So, Processing seems to be the most relevant language to code the sunflower spiral in. The calculation uses the Golden Angle (137.5°), which can be calculated in radians as follows:

angle = PI * (3.0 - sqrt(5.0))

Here is the code in Processing:

public void setup() {
size(600,600);
}
public void draw() {
background(255);
translate(width*0.5, height*0.5);
stroke(0);
float angle = PI*(3.0-sqrt(5.0)); //137.5 in radians
float r, theta, x, y;
int n = 250;
for (int i=1; i < n; i=i+1) {
r = i;
theta = i * angle;
// Convert polar to cartesian
x = r * cos(theta);
y = r * sin(theta);
ellipse(x, y, 5, 5);
}
noLoop();
}

This code draws 250 points in the spiral, performing the calculations in polar coordinates, and then converting them before drawing them using the **ellipse()** function, using a 5×5 circle. Instead of calculating the radius as** r=c√i**, we chose to use **r=i**, as this provides for a better visualization (technically an Archimedean spiral, r(k) = ck, with c=1). Now this just provides a representation of what a sunflower spiral would look like.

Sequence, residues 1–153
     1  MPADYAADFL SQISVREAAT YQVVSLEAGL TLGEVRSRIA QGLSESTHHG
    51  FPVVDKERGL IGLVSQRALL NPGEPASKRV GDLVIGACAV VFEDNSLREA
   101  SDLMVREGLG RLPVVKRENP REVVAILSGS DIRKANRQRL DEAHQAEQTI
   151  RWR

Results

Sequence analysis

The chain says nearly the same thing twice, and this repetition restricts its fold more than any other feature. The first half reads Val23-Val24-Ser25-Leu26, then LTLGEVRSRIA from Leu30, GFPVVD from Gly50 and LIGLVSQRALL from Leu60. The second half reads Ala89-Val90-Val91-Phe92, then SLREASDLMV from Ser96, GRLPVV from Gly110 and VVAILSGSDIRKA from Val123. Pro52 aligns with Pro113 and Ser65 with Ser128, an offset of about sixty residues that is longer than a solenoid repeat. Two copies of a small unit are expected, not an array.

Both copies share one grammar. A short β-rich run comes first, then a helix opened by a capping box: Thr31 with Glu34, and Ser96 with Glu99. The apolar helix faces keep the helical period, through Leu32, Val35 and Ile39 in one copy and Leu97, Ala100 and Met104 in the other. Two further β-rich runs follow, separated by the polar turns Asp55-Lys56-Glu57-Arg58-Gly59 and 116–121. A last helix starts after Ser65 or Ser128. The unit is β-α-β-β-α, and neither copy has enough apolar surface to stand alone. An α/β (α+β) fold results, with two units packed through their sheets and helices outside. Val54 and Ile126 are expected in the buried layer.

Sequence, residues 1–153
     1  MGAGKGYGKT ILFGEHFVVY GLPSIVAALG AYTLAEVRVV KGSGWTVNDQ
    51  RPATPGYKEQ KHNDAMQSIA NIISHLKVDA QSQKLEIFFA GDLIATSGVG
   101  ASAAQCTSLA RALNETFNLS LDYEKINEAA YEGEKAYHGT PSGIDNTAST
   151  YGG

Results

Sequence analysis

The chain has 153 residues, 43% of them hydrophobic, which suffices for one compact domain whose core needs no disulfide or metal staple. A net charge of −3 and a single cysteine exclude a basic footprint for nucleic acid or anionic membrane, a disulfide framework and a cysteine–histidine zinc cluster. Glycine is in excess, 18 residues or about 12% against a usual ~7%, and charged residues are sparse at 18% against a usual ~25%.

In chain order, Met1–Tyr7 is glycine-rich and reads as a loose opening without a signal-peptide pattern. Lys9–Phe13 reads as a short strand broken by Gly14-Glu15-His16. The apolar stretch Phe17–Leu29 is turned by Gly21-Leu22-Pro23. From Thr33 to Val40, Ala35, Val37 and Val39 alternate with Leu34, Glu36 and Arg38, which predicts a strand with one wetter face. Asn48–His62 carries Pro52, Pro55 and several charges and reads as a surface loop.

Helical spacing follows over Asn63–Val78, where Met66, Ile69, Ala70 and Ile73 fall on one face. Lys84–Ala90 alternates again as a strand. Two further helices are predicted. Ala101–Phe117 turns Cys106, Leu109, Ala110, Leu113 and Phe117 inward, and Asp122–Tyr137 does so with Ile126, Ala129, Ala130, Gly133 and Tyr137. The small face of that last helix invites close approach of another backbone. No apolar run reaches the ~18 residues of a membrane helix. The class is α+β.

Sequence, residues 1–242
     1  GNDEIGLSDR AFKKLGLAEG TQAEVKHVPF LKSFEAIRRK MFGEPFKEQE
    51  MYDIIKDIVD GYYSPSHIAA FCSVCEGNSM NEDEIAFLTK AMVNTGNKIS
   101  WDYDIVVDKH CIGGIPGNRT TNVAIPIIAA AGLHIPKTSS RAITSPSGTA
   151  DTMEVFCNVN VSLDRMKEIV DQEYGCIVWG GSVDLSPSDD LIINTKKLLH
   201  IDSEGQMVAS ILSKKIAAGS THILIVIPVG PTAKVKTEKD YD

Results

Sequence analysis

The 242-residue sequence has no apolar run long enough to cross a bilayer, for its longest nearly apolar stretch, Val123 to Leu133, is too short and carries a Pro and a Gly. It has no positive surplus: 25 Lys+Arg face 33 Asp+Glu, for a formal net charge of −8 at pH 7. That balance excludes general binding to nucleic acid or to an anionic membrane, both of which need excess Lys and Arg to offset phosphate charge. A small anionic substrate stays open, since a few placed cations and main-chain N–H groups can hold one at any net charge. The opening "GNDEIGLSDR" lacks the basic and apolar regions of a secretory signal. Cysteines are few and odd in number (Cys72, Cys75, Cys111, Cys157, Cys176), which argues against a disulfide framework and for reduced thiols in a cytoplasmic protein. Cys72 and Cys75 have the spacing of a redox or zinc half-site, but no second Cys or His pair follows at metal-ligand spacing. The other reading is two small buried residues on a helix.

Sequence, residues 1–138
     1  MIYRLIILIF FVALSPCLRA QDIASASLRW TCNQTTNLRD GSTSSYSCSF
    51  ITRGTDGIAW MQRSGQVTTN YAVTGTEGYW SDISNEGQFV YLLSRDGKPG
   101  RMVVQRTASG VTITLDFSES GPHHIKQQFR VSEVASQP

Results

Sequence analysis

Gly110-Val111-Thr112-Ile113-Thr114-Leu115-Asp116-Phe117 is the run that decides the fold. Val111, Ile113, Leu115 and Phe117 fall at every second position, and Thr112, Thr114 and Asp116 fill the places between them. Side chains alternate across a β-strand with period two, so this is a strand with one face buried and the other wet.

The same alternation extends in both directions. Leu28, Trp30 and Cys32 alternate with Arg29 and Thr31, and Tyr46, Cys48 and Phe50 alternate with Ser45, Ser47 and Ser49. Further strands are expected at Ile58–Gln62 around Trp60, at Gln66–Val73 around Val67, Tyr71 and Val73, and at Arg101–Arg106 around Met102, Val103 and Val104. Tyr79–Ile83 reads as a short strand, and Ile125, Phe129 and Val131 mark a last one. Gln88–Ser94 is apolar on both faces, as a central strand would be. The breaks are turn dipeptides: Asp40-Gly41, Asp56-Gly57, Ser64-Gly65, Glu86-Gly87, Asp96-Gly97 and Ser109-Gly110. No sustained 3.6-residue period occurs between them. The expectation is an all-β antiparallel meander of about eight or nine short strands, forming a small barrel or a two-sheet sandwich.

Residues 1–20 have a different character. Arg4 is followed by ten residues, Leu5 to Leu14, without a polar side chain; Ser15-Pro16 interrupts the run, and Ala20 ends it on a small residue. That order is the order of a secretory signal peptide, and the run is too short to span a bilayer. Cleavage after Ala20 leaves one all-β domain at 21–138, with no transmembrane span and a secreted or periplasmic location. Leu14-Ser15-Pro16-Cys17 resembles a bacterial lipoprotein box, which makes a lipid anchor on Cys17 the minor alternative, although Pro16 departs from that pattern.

The thing I especially like about Processing is that by adding this line of code at the end (after **noLoop()**), I can save the visualization to file without any hassle:

saveFrame("sunflower250.png");

Here is the spiral:

If we modify the radius calculation to **r = 5*sqrt(i)**, we get a much tighter configuration, and something which better represents a sunflower. The result is the canonical Vogel spiral.

Change the configuration to **n**=500 points gives:

It is of course easy to experiment with different spirals, just by changing the equation for **r**. For example **r = pow(i,0.8)**, is a form of parabolic spiral.

### Like this:

Like Loading...

*Related*